When you think of conflict, what comes to mind? Is it something that you try to avoid? Something you dread? Do you associate it with words like ‘somebody gets hurt’ or ‘fighting’?
The thing is, conflict is an inescapable part of life. You shouldn’t ask yourself, “Will I experience conflict?” but rather, “How will I manage conflict when it happens?”
What is conflict?
Generally, there are two ways to “work it out” in a conflict: manage it alone, or with others. Conflict resolution books tend to lean into the latter with communication, problem-solving, and collaboration as the primary means of handling conflict. Proven tactics in this domain include:
- Separating the person from the problem
- Using “I” instead of “You” statements
- Asking open-ended questions
- Using active listening
- Differentiating interest from positions
- Coming up with options for mutual benefit
However, there isn’t a lot of of literature on self-managing disputes. This is surprising, as a conflict is first and foremost a perception of incompatibility, which begins and (frequently) ends in our minds.
Conditions like power asymmetries, conflict anxiety, and poor timing prevent us from addressing difficulties with others. But few of us are naturally equipped with the tools to self-manage conflict, and so we end up telling ourselves problematic stories that make everything worse.
Don’t do that. Instead, try one of these three methods ahead.
1. To tame it, name it
Negative emotions are the glue that holds a conflict together. People often speak of “losing” their temper or having a feeling get the “best” of them. These phrases demonstrate the power and pull that emotions can have in a conflict.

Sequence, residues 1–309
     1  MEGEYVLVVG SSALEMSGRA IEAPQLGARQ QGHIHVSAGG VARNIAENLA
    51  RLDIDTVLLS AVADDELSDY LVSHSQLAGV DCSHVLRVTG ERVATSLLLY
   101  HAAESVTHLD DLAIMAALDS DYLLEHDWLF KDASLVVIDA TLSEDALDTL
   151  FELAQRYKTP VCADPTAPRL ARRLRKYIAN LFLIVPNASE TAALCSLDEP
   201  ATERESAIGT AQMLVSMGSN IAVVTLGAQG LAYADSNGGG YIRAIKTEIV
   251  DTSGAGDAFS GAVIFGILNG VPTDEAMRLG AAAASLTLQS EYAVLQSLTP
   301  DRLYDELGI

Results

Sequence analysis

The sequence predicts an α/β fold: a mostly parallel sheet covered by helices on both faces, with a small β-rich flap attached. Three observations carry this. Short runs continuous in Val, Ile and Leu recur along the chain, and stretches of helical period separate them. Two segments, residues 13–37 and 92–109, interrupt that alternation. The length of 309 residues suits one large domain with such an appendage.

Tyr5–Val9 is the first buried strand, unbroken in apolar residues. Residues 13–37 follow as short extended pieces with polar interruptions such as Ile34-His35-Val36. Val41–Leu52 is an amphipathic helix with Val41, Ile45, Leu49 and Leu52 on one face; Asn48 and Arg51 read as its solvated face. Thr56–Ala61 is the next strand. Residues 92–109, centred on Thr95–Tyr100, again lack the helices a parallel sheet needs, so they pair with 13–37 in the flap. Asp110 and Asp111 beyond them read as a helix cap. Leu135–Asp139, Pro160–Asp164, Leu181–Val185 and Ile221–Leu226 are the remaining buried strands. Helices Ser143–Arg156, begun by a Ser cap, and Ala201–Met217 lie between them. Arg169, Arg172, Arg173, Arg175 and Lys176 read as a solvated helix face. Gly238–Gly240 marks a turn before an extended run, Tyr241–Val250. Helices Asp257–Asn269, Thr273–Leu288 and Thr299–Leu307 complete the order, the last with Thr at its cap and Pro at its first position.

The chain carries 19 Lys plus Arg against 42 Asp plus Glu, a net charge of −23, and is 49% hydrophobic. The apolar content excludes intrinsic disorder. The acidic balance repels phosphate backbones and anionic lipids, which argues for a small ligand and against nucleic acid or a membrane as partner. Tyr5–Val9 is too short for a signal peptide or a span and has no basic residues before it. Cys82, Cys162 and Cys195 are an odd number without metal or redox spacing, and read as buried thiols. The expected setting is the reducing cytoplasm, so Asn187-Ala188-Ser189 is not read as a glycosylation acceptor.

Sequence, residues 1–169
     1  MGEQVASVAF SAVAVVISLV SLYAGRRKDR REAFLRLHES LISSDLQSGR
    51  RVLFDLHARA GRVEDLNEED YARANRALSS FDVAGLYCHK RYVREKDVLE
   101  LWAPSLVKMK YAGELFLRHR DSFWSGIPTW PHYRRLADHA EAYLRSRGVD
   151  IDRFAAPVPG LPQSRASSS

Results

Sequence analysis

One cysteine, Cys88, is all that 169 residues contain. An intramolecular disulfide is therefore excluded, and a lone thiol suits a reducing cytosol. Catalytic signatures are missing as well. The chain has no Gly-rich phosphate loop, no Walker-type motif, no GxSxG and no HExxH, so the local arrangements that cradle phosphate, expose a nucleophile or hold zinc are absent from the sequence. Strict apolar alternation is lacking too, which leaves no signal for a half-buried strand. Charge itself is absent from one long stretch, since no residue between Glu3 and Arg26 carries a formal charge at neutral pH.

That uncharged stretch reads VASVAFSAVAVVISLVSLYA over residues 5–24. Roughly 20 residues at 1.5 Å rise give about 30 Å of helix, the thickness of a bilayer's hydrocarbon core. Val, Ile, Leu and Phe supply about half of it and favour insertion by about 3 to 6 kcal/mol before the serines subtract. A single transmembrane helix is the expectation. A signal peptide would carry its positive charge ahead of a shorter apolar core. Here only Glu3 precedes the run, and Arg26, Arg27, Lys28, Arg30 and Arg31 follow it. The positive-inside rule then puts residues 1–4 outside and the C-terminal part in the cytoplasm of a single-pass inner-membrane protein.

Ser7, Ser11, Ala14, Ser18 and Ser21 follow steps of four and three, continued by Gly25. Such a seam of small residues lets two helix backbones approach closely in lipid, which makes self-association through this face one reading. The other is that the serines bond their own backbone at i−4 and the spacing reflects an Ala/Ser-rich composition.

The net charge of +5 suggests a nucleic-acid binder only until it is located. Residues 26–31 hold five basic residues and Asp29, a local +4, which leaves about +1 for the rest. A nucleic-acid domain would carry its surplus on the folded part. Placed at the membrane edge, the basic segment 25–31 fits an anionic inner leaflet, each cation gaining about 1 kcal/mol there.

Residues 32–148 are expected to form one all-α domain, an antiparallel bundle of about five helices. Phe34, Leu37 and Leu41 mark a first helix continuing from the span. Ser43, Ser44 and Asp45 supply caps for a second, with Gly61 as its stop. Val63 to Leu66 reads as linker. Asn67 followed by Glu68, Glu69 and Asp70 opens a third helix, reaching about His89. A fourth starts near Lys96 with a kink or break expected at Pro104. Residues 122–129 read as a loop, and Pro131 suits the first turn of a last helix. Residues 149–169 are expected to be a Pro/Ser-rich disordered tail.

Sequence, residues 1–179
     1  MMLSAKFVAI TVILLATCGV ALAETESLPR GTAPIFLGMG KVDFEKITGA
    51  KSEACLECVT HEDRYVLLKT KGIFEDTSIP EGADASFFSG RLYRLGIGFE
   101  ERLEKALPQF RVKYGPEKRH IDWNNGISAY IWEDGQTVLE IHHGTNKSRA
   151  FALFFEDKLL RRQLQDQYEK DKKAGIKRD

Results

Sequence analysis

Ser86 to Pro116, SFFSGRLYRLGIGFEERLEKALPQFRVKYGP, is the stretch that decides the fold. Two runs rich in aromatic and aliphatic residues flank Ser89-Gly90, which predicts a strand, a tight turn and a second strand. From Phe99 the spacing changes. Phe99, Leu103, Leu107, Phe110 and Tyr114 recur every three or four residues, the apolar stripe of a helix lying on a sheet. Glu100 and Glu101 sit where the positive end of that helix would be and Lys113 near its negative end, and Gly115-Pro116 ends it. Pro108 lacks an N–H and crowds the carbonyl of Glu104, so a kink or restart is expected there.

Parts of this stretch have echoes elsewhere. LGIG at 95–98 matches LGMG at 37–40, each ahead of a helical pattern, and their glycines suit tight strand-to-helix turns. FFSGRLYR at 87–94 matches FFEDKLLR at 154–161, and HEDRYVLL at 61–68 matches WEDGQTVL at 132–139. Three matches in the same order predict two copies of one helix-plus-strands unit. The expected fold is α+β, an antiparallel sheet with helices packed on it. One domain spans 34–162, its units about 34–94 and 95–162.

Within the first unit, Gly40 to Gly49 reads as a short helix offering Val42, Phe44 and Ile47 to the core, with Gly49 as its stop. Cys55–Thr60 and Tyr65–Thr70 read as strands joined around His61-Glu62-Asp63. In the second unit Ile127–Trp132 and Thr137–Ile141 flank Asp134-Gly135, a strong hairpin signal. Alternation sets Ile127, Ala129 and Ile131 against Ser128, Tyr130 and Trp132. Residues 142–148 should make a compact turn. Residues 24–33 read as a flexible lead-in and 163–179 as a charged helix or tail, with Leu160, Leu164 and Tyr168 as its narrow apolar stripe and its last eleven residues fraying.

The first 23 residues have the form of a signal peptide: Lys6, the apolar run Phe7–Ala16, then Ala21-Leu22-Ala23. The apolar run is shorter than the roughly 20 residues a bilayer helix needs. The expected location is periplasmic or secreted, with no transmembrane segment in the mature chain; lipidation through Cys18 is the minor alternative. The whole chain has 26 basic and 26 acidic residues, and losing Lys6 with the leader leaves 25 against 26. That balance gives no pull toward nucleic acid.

One of the simplest and most effective ways to take control of your emotions is to give them a label. Research shows that labeling an emotion—in contrast to suppressing or shouting it—reduces its intensity. Naming the feeling allows you to regain composure, rethink the problem, and make better decisions.
Research also indicates that people who regulate emotions best are those who can go beyond the surface. Instead of just saying, “I’m feeling angry,” they recognize and label the nuances of their feelings (i.e., betrayal, disrespect, disappointment, stuck, frustration, etc.).
Susan David, the best-selling author of Emotional Agility, recommends asking yourself the following questions when you feel emotions taking over:
- What is it that I’m experiencing exactly?
- What is the emotion beneath the emotion?
- What are two other emotions that I’m experiencing?
2. Tell a better story
Many of us also prolong conflicts by telling ourselves problematic stories.
Pause for a moment, and think about the last significant conflict you experienced:
- Did it have a beginning, middle, and end?
- How did it start? Who initiated it?
- Who were the characters: the hero, villain, victim, rescuer?
- What are the central themes: (in)justice, power, respect, betrayal?